Artificial Intelligence, machine learning (an application of AI), and big data, are used in a wide range of applications in hospitals. For example, cognitive computer systems are used to facilitate repetitive processes and to create sample analyses in the context of radiological diagnostics. Where a learning or predictive function is added, then we are into the realms of AI.
Other examples are the Deep Learning Model of Stanford University and Google Brain. These tools are used to determine the most probable time of death of seriously ill patients and the best treatments as a result, including enabling patients to be transferred to palliative care in good time in order to give them a dignified farewell.
Surgical robots or other robotic-based systems are another field of application. Some believe that medical robots will be indispensable for high-precision surgical treatments in the future. They have the potential to improve post-operative rehabilitation and to provide highly efficient logistical support in clinics. There is no doubt that as machine learning and AI become more sophisticated, the use of robots in the context of treatment will only increase.
The use of AI (which for ease, we will take to include machine leaning) in the healthcare sector is the cause of some alarm among patients who are concerned about privacy and accuracy. Software-based treatment options in which the underlying assessment is only partially made by a doctor, are a particular focus of scepticism. This is hardly surprising, as on the one hand very sensitive data is processed and, on the other, machines are entering into an area that was previously only occupied by humans.
At least on the privacy side, patients should find comfort in the fact data protection law not only places specific requirements on software-based systems in hospitals, it also lays down general guidelines, which must be observed in the context of big data and AI. Particularly relevant (but not exhaustive) aspects include:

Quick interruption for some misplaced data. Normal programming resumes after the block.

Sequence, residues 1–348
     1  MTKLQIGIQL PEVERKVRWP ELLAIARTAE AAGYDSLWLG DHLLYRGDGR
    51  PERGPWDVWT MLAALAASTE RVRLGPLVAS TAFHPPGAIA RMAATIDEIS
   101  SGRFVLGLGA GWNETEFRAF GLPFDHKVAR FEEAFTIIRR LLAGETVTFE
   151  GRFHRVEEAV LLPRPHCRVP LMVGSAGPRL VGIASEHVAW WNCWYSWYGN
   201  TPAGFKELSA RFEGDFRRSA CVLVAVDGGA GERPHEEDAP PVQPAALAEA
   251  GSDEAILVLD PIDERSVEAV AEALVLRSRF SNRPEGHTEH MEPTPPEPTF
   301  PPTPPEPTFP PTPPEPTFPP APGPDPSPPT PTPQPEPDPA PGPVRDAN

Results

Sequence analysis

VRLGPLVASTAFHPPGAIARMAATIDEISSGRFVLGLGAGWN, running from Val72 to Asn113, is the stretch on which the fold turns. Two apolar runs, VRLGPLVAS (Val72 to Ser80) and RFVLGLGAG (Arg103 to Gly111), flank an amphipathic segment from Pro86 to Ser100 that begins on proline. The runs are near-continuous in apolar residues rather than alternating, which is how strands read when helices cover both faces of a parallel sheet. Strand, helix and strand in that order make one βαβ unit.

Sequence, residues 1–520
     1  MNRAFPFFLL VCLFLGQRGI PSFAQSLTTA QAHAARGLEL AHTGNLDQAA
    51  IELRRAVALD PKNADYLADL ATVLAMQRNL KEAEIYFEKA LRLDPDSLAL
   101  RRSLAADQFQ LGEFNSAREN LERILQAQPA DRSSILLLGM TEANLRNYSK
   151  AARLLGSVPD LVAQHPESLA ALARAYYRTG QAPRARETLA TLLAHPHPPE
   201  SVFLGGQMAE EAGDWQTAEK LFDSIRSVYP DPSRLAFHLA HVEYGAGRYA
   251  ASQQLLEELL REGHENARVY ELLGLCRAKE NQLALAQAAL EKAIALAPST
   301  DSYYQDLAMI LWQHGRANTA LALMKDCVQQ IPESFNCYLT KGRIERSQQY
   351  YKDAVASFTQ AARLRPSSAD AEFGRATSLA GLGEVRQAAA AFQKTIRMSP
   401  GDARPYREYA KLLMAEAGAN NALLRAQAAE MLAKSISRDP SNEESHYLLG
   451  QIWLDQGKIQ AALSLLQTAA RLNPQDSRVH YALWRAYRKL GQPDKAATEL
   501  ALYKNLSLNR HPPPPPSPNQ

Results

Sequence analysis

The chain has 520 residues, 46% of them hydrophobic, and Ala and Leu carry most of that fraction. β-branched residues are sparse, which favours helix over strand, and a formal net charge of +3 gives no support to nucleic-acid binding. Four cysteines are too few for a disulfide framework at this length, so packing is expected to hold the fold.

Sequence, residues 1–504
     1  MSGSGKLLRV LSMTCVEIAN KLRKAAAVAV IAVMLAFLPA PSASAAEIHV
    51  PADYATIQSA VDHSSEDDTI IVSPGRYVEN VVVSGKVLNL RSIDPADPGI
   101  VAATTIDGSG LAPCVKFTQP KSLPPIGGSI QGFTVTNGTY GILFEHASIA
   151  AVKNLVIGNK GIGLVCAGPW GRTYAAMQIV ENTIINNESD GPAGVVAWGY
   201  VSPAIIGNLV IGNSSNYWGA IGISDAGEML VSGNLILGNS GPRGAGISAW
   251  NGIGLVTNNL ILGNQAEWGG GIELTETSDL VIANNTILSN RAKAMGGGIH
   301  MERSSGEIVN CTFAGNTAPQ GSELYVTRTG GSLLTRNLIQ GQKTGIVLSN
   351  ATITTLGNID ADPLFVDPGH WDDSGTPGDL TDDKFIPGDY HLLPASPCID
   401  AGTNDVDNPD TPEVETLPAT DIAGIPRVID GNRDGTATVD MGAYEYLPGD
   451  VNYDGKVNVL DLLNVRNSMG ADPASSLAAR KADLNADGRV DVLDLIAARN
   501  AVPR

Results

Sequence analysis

Health data may only be processed if permitted by law or with the consent of the data subject. For the time being, specific legislation is unlikely to apply so we are looking at consent. In order to obtain effective GDPR consent, transparency is essential. The individual must be able to understand not only how their personal data is processed, but also who the recipients of the data are. For big data applications, this is a huge challenge because the purposes of the processing are not always determinable in advance. AI solutions may be able to learn differently based on different data sources. This can be problematic for consent purposes as it may be difficult to explain to the patient what exactly happens to their data.
Another principle of data protection law is that personal data must be deleted once it is no longer required for the purposes for which it was collected, unless it is subject to special retention obligations. The GDPR places a focus on the retention issue by giving individuals the right to have their data erased under a variety of circumstances (including where consent is withdrawn – see below). With big data applications, this right can lead to complications, since the very purpose of data analysis is to access a large amount of information in order to derive corresponding results on this basis. An optimal solution would be to anonymise the data but this is not always possible. Whatever decision is taken, it must be possible for a data controller of AI-generated health personal data, to be able to give effect to any lawful erasure requests.